“This is the first time that something of this magnitude happened–a first for NGCP and even for National Transmission Corp. (Transco),” added Alabanza.
Petilla said the outage of the five major power plants alone affected 3,700 megawatts of supply, representing 45 percent of Luzon’s total peak electricity requirements. Luzon’s total power demand stood at roughly 8,300 MW on Wednesday.
Petilla, however, was quick to rule out “sabotage” in the outage of these power plants, adding that there were no indications that this was an “election-related” event.
The energy chief stressed that the cause of the power outages was the tripping of transmission lines that began at the Ilijan unit, which then affected the other power plants along the Luzon grid.
On a positive note, Petilla said that it would be easier to restore power as repair work on transmission lines would only take hours compared to weeks or months of repairing a power plant.
The energy chief even waxed optimistic that power would be back within the day (Wednesday) as some of the affected power plants would be ready to go online, if the cause of tripping was isolated.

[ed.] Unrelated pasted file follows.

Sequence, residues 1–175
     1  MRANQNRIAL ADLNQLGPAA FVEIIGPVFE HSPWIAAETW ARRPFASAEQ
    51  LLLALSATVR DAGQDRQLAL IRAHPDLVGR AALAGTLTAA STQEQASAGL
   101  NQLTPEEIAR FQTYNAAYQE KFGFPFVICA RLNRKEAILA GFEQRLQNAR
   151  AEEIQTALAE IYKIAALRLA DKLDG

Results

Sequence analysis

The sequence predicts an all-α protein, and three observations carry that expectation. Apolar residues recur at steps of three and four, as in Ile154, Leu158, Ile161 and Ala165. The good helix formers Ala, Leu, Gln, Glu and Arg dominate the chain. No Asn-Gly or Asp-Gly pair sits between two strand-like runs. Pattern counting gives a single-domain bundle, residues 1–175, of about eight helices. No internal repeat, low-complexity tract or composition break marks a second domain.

“Power supply is not our concern. It’s the transmission lines that we are looking into now,” he stressed.
As of now, some of the so-called must-run units or the more expensive bunker-fired power facilities are being tapped to provide additional power to the Luzon grid. These facilities include a 300-MW unit at the Malaya thermal power plant in Rizal and the 600-MW Limay facility in Bataan, and the 255-MW Bauang diesel unit.
The NGCP said the brownouts on Wednesday were estimated to last only four hours.
Within Metro Manila and nearby provinces, power distributor Manila Electric Co. (Meralco) spokesperson Joe Zaldarriaga said in a phone interview that at least 40 percent of its franchise area were without power starting 2 p.m. on Wednesday.
Petilla further downplayed the likelihood that of the outage happening again.
“The likelihood of five power plants bogging down is extremely unlikely and it did not happen today (Wednesday) because it’s the lines that caused the brownouts–not the power plants,” Petilla said.